IMF Board Endorses Staff-Monitored Program for Sudan

September 23, 2020

  • The Executive Board endorsed Sudan’s Staff-Monitored Program (SMP), which was approved by the Managing Director on September 9, 2020, as meeting the Upper Credit Tranche Conditionality standard.
  • The government requested the SMP to establish a strong track record of policy and reform implementation—a key requirement for eventual debt relief.
  • The 12-month SMP will support the government’s home-grown program of reforms aimed at stabilizing the economy, improving competitiveness, and strengthening governance.

Washington, DC: The Executive Board of the International Monetary Fund (IMF) endorsed the Staff-Monitored Program (SMP) approved by the Managing Director on September 9, 2020 as meeting the Upper Credit Tranche Conditionality (UCT) standard. [1] 

Following the Executive Board discussion, Ms. Antoinette Sayeh, Deputy Managing Director and Acting Chair, made the following statement:

“With the move to a transitional government, Sudan now has a window of opportunity for fundamental reforms to address major macro imbalances and lay the groundwork for inclusive growth. The transitional government has laid out a home-grown program of reforms aimed at stabilizing the economy, removing distortions, improving competitiveness, and strengthening governance. The authorities have requested an IMF Staff-Monitored Program to establish a track record on policy and reform implementation, which is a requirement for eventual debt relief visa-vis official creditors.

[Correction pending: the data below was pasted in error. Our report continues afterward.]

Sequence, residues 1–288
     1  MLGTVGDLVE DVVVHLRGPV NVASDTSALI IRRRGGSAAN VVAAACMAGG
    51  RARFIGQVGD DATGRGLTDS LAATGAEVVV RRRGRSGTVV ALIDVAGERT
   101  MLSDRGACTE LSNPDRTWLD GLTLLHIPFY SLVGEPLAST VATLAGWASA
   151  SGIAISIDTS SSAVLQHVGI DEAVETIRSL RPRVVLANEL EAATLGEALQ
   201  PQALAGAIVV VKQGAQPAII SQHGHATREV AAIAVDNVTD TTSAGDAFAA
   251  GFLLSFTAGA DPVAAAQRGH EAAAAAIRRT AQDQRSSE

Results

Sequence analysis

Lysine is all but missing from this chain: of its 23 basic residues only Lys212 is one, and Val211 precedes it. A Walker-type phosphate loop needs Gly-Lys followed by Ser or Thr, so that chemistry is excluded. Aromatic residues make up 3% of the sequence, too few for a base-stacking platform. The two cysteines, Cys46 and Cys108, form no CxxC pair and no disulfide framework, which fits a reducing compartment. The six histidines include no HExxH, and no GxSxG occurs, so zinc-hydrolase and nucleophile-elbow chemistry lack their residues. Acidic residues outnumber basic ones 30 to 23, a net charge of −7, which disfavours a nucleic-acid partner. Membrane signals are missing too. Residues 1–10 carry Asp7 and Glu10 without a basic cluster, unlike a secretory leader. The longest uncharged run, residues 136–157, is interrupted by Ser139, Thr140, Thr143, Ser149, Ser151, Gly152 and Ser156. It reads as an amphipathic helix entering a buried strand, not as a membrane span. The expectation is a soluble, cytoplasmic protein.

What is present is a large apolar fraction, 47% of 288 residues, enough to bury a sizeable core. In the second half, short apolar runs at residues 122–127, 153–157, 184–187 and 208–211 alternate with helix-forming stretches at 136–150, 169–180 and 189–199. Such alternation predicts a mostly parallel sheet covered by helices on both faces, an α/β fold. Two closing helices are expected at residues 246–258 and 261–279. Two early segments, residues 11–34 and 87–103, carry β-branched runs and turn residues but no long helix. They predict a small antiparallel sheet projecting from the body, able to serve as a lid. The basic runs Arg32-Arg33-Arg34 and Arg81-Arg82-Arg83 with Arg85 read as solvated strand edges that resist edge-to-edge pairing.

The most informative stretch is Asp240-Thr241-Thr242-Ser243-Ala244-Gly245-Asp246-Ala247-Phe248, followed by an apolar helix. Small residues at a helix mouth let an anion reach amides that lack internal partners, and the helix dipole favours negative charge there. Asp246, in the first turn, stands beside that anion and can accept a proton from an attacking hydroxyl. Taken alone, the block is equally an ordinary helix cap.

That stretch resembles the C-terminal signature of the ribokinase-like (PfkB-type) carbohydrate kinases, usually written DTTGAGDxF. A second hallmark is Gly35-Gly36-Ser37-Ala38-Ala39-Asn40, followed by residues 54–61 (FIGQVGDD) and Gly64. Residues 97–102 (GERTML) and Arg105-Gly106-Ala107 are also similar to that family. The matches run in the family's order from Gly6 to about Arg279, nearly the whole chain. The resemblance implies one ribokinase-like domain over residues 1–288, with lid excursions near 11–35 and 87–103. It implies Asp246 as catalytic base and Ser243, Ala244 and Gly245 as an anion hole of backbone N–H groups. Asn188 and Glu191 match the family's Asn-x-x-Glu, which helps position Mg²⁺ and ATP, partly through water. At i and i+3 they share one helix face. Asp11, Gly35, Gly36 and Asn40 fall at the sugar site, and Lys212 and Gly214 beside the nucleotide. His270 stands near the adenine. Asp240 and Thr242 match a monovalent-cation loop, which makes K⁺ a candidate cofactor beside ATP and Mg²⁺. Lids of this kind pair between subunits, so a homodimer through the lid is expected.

“The COVID-19 pandemic has compounded the challenges facing the country. Fiscal and external imbalances are large, inflation is high at 167 percent in August and rising, and competitiveness is weak. The humanitarian situation is dire with large numbers of internally displaced people and refugees.

“Under the 12-month SMP covering July 1, 2020 – June 30, 2021, the authorities plan to continue the process of eliminating large fuel subsidies making space for greater social spending, including for the Sudan Family Support Program and health spending; the tax base will also be broadened, including through the rationalization of tax exemptions. The resulting fiscal adjustment is key to reducing monetization and inflation. The authorities also intend to take measures toward a unified market-clearing exchange rate. The removal of economic distortions together with measures to improve governance will reduce opportunities for corruption and help strengthen the business environment and competitiveness. A key element to the success of the program is sufficient donor funding to support the population through the difficult transition to a well-functioning market-based economy. Strong coordination among donors and IFIs on technical assistance to Sudan will also be important.

“Sudan’s external debt is high and with longstanding arrears which severely limit access to external borrowing. In particular, Sudan remains unable to access IMF resources because of its continued arrears to the Fund. A strong track record of macroeconomic performance and implementation of reforms, together with a comprehensive strategy of arrears clearance and debt relief supported by Sudan’s development partners, is required for addressing Sudan’s high debt overhang.”

[1] An SMP is an informal agreement between country authorities and Fund staff to monitor the implementation of the authorities’ economic program. SMPs do not entail financial assistance or endorsement by the IMF Executive Board.

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